Sustainability acquired a technical meaning in the last decades of the 20th century and is currently a buzzword, especially in reference to economic and environmental policies. In 2016, the United Nations 2030 Agenda for Sustainable Development defined 17 goals of sustainability, which include actions against poverty, inequalities, and climate change. In this context, historians are called upon to develop interdisciplinary perspectives that account for reflexivity and historicity and that are able to challenge dominant narratives.
The studies of the past have shown how nature (and the idea of nature), health, and work are crucial for quality of life, and how each of these factors were responsible for the creation of precariousness, uncertainty, and inequality in living conditions. Over the years, people have struggled against adversity looking for bearable, viable, and equitable solutions framed by the so-called pillars of sustainability: the social, the economic, and the environmental.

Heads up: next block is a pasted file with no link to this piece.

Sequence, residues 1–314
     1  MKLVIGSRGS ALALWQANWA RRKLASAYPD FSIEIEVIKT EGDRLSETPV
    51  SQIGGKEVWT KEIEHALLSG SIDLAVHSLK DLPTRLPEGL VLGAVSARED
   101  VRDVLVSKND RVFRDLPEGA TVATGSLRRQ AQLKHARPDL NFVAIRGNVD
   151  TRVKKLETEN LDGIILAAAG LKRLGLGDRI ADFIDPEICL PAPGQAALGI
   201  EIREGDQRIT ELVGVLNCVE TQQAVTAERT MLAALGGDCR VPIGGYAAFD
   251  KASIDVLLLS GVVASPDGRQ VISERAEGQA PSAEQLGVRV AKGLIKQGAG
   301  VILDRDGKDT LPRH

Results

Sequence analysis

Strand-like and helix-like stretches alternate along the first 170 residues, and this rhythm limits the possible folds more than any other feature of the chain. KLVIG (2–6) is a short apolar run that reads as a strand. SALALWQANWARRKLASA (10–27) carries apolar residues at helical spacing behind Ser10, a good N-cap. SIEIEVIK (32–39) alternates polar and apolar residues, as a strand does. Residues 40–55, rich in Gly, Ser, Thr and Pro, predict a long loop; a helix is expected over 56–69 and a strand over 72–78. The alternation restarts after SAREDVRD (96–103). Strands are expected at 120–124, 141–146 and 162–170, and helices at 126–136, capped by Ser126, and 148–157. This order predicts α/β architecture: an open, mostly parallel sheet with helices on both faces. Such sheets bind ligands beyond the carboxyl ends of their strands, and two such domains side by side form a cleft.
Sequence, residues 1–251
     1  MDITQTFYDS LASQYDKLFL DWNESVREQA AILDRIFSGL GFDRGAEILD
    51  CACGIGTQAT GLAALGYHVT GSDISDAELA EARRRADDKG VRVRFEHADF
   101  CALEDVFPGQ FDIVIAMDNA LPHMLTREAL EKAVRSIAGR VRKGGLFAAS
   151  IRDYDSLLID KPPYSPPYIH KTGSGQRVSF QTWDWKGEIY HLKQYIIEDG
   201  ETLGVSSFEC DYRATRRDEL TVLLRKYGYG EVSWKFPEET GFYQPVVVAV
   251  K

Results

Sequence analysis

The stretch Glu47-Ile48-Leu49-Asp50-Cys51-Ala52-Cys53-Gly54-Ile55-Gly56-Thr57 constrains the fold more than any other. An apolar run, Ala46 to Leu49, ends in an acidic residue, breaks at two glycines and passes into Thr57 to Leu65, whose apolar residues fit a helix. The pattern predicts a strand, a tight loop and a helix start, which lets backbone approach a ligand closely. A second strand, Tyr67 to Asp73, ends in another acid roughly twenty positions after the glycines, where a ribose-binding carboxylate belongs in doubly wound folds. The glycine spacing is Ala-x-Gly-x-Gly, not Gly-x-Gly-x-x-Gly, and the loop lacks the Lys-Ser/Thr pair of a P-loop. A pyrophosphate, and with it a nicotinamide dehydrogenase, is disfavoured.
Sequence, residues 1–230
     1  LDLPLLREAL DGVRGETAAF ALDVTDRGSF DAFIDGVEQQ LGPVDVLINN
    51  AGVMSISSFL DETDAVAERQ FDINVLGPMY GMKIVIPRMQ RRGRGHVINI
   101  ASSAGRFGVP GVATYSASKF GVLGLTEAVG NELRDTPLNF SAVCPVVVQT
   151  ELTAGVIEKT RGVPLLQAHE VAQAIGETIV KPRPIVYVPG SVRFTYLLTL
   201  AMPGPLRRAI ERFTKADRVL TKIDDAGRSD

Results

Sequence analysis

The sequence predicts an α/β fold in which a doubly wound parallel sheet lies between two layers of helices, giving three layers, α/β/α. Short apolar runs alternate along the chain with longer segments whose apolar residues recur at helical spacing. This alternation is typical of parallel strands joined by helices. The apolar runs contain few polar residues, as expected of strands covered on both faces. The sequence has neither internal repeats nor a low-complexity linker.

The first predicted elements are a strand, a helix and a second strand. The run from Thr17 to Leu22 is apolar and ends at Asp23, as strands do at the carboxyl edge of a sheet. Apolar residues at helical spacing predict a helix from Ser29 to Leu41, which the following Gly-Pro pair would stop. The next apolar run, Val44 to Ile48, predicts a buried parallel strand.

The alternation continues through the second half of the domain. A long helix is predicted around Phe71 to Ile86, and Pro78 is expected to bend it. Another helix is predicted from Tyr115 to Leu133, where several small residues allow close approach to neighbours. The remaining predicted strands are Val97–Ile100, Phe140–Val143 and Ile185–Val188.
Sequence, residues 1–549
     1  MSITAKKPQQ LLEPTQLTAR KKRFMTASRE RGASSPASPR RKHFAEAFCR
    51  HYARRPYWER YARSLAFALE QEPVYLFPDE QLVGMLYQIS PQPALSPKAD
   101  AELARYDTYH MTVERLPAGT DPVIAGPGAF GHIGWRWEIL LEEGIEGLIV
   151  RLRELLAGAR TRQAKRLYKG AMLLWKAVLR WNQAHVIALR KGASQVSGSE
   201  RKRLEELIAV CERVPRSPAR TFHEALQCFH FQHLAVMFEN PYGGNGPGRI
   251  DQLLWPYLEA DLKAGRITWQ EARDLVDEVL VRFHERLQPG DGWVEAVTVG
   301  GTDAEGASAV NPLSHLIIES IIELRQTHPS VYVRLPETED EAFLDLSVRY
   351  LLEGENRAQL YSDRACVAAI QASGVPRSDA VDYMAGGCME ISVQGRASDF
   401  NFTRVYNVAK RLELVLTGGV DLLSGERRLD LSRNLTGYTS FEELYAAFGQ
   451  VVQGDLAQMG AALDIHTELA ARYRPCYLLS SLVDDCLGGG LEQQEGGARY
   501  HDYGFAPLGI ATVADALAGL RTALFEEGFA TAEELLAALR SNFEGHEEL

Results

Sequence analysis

To be announced in January 2019, in the framework of the IHC’s new strategic plan (2018-2022).